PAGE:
I was on a tour of Heartspring this week and I met their Interim CEO. When she learned that I am the Sr. Minister here at UCC, she mentioned that she looks at our sign as she drives by each day. She said that she was particularly impressed with our community service and that we had a sermon series earlier this year on World Religions! And she said that she would have liked to have attended had she not had a commitment at her own church. She explained that she believed it is important for people to know about other traditions and to find respectful understanding of various beliefs. First, I was excited that someone took notice of our sign; but I was most impressed that someone remembered what was on our sign 5 months ago! Our sign is a witness in ways we don’t even know… and in this case it told someone that we seek to understand others with whom we differ. Isn’t this what Jesus meant when he said that we must “love our neighbor as ourselves”?

We know that fewer and fewer people are coming to church every week in the United States and in most developed nations around the globe. But that doesn’t mean that the church can’t be going outside its buildings and being the church wherever the people of God are in the world. I think that George Bush and Ellen Degeneres took the church to the Cowboys Stadium last week and we got to see it on television!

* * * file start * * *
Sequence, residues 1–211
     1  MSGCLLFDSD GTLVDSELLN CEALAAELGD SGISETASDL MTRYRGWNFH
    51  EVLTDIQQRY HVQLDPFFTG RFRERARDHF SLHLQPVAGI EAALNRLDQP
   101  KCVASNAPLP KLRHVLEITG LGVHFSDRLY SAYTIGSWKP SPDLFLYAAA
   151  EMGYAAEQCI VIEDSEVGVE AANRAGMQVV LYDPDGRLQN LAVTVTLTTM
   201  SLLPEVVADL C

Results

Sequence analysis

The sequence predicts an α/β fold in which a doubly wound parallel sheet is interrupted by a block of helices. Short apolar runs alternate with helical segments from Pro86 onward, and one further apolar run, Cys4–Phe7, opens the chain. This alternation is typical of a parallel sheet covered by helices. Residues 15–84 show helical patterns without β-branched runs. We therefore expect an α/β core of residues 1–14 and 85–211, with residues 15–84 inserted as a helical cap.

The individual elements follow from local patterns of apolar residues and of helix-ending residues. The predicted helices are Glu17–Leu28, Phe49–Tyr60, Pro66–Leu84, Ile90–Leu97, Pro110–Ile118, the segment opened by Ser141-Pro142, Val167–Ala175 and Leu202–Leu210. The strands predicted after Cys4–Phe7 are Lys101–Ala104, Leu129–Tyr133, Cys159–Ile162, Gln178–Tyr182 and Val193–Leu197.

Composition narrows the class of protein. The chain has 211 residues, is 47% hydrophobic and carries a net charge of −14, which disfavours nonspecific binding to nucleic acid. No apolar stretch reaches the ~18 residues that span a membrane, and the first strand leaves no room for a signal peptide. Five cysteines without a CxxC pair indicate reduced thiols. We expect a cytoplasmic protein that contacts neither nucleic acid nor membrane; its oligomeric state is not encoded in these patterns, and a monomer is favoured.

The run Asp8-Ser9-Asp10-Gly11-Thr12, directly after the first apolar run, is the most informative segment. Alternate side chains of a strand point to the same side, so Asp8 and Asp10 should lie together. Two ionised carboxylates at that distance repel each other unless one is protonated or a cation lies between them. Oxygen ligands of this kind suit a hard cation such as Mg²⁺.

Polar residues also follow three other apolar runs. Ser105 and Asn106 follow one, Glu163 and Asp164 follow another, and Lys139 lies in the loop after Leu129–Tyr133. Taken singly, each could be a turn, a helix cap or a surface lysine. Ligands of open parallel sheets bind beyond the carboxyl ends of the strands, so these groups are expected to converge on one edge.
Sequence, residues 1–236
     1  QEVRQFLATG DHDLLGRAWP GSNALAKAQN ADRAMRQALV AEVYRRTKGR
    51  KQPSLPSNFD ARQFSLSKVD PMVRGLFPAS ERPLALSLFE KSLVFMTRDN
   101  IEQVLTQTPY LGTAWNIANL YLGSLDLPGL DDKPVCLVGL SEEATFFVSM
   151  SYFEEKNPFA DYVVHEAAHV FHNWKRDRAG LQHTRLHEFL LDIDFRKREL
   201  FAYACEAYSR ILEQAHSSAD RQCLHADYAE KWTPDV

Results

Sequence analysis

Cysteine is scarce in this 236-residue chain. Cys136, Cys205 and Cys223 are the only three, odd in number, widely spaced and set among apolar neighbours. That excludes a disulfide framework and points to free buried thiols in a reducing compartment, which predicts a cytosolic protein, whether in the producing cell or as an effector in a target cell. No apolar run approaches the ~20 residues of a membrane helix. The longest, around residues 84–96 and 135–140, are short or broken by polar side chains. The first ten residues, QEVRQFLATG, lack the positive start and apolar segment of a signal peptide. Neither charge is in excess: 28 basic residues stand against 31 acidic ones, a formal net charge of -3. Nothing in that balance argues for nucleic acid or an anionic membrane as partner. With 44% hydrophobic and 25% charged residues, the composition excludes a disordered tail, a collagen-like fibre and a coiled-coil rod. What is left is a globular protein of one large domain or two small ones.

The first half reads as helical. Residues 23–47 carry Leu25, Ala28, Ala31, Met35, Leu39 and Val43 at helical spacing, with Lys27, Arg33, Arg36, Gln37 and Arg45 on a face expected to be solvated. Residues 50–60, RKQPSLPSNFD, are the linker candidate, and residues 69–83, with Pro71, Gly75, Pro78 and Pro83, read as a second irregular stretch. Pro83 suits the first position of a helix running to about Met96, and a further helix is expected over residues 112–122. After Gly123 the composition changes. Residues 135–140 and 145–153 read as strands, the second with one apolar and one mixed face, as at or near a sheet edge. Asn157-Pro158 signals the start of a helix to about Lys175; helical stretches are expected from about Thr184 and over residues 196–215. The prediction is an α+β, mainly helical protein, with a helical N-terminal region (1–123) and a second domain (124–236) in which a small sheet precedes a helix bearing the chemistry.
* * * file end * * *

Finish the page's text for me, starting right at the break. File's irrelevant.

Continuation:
When we go about our everyday lives from 11:30 am on Sunday until 10:00 am the next Sunday, we have the opportunity to take the church right out of this building into the everyday world! We are the church wherever we are and people are watching. We are foolish if we don’t recognize it. When we go to the restaurant and we are talking with our family and friends, our wait staff and the people at the next table notice. And they know we’ve been in the pew recently. They may see how we tip or how we talk or what we say about the other people at church and while we may not think they noticed, they did. We have the chance to bring the message of love and compassion right to their eyes and ears!

I read an article in the magazine Sojourners recently by Kaitlin Curtice, who wrote,
“I am still called to love when I am in the line at Target.
I am still called to love when I’m getting the oil changed in my car.
I am still called to love when I’m sitting in a coffee shop.